In basic terms, the retail installment sale is a transaction between the purchaser and a dealer to buy a vehicle. This agreement specifies that you agree to pay the dealer the value of the vehicle, plus interest, over the life of the loan. Other lenders and banks can also buy these loans from dealers.
These contracts vary from state to state, but they should all contain the following:
- The vehicle’s specific description;
- Federal truth-in-lending disclosures;
- The payment schedule, including the number and amounts of payments;
- Total of payments;
- Insurance options;
- Total sale price, and;
- Late charges.
Understand the Details of the Car Loan
This contract also has an itemization of the financed amount, including any trade-in allowance, down payment, and the unpaid balance. For new cars, car dealers will often customize a new car by adding paint treatments, hubcaps, etc. There are also pre-delivery service fees, taxes, and an electronic registration filing fee. These fees will also vary widely depending on whether the car is new or used.
Car dealers also offer gap insurance. This is optional, and it is a form of insurance for new cars that covers your collision coverage or comprehensive coverage. In the event of a serious accident, this insurance would help pay for your totaled or stolen vehicle up to its depreciated value.
If you are trading in a car, look for a section that lists the gross trade-in allowance payoff amount made by the seller and the name of the lienholder (the lender that holds the title).
The contract also presents the dispute resolution process, including the agreement to arbitrate. This means a buyer cannot go to court to settle a dispute.
The seller also has a right to cancel after a certain amount of time, provided they meet certain conditions. If not, they can pay a daily penalty until the buyer returns the car to the dealer.
Think Before You Sign Any Papers
Importantly, in some states, there is no “cooling-off period.” As a result, if you enter into the car purchase and sign the contract, you cannot cancel unless the seller or car dealer agrees or has a legal reason. As a retail installment sales contract says in Florida, “You cannot cancel this contract simply because you change your mind.” This means the deal is final, so don’t enter into a car purchase contract unless you are sure about your decision.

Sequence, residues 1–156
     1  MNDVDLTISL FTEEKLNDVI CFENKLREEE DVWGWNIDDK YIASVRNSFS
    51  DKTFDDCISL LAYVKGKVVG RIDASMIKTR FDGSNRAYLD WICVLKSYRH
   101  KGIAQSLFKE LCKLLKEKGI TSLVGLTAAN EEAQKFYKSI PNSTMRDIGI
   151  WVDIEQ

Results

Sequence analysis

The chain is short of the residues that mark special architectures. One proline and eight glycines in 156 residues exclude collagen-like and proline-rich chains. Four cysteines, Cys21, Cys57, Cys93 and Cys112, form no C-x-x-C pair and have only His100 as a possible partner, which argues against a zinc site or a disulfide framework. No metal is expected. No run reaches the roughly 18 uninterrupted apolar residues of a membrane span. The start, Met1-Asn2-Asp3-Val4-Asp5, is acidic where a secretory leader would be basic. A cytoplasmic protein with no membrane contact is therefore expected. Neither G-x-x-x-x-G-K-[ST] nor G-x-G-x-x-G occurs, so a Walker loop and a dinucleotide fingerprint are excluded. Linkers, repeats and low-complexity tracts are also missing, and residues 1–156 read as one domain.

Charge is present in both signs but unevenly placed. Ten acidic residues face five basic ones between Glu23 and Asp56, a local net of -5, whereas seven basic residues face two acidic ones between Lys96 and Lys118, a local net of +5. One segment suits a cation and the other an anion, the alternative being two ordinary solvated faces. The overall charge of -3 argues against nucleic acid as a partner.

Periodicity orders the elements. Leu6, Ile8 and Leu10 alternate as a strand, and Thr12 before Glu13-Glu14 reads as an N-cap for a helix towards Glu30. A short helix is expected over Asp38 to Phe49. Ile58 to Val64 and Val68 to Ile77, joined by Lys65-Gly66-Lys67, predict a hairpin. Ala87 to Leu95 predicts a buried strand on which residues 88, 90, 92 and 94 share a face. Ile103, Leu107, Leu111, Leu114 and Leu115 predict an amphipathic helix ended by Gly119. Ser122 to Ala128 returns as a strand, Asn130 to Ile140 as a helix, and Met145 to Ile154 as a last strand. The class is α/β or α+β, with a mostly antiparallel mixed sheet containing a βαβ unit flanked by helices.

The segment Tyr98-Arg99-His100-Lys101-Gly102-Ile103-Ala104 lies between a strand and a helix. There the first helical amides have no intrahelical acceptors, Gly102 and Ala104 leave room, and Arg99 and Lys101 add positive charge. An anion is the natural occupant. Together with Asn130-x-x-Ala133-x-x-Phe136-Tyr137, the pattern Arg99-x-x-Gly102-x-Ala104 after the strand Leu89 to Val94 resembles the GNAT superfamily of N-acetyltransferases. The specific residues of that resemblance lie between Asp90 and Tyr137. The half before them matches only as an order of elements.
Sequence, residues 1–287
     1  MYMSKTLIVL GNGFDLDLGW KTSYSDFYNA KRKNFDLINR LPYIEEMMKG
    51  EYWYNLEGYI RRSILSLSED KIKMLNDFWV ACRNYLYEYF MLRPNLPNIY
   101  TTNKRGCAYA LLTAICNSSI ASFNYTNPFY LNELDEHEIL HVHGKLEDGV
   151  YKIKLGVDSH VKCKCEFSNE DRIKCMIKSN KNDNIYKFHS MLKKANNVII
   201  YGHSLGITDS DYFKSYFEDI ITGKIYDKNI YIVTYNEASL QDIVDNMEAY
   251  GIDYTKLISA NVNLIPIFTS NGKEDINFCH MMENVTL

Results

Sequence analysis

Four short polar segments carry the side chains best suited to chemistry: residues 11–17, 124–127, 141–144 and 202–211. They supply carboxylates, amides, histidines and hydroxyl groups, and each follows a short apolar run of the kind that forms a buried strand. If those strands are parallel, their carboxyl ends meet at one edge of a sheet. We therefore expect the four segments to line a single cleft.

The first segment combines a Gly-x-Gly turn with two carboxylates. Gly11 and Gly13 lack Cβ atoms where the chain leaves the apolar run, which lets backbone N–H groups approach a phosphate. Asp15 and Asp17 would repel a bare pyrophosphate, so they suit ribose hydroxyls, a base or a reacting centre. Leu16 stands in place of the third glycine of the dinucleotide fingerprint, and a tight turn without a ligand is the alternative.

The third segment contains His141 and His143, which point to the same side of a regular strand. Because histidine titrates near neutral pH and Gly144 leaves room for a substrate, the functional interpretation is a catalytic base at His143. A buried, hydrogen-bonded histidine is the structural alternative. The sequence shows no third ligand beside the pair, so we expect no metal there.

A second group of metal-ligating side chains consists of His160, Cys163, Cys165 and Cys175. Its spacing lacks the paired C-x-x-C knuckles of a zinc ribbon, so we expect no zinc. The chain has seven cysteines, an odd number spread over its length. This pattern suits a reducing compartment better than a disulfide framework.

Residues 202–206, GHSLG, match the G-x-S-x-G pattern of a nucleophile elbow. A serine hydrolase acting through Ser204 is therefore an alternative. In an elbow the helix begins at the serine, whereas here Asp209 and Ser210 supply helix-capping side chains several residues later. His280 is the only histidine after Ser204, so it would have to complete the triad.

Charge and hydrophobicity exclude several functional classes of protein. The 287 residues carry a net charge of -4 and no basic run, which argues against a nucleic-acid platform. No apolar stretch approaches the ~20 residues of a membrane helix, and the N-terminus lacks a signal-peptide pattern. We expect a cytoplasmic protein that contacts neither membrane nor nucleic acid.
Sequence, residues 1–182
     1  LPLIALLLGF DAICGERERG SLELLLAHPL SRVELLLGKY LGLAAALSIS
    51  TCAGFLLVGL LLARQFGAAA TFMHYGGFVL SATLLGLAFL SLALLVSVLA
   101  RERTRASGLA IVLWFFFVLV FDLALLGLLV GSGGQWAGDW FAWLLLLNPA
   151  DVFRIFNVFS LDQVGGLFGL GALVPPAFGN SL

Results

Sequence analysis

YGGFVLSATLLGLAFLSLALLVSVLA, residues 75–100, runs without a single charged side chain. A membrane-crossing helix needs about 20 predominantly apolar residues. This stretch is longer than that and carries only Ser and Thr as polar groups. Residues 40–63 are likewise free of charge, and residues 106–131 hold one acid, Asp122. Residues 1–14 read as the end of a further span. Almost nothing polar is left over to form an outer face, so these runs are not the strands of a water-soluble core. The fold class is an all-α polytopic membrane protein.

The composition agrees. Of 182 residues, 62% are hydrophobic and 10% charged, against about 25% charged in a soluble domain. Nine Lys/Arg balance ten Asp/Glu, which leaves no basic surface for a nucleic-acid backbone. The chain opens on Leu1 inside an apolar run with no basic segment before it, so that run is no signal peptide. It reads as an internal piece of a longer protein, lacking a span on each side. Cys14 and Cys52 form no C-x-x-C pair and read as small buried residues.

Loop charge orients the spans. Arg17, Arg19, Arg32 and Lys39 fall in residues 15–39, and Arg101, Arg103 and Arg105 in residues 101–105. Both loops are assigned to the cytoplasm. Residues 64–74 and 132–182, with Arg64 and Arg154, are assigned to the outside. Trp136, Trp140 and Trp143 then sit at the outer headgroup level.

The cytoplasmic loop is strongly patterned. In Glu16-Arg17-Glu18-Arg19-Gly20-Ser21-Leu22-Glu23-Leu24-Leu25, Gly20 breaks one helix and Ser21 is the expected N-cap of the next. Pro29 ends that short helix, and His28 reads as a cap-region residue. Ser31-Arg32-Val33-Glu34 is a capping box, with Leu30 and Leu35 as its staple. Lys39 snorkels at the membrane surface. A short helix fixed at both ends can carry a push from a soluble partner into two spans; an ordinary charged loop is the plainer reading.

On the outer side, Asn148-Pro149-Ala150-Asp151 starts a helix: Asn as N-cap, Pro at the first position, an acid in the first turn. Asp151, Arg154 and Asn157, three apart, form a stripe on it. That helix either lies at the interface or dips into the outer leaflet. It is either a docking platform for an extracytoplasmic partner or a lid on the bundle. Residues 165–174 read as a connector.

It is also important to read the whole contract. The back of the contract contains disclaimers from the seller, details about the finance charges and payments, and promises made by the buyer to the seller. There is also an important section on what happens if the vehicle is damaged, destroyed, or stolen. Remember, you must make payments in full even if the car gets totaled or is stolen, as long as you owe money on the car.
The Importance of Credit Scores in Car Financing
While comparing the APR is one way to keep your auto loan borrowing costs low, another way is to improve your credit score.
Credit scores determine your creditworthiness. In a consumer society based on credit card purchases and making large loans, businesses want to lend money to people who can repay their debts. Studies have found that people with bad credit have a higher accident risk, so they pay more for car insurance. Bad credit scores can even determine if you can rent an apartment.
Don’t Forget Expenses and Depreciation
Cars are expensive to operate. The ownership and operating costs are the biggest expenses. In addition, owning a car means paying for insurance, gasoline, repairs, vehicle registration, financing, and most importantly, depreciation.
The American Auto Association (AAA) found that it costs an average of $9,561 annually to own and operate a new vehicle. Of the expenses listed, the greatest one affecting new cars was depreciation.
The reason is that car loans are very different from other types of loans. Cars depreciate faster. Carfax estimates that new cars drop in value by about 20% their first year. In about four years, cars drop in value by about 15% annually. This means an average car will be worth only 40% of its purchase price after five years.
Another bad thing about depreciation is that it is invisible. While the monthly upkeep, maintenance, and repairs are all visible, depreciation is only realized when the car is sold.
Car operating and ownership expenses also vary significantly according to the make and model of the car. The American Auto Association (AAA) and other car magazines, such as Consumer Reports, the Kelley Blue Book, and Car and Driver, all test and list the expenses of many types of cars and trucks. Picking a car with a cheaper maintenance and repair record should be a big factor when selecting a car.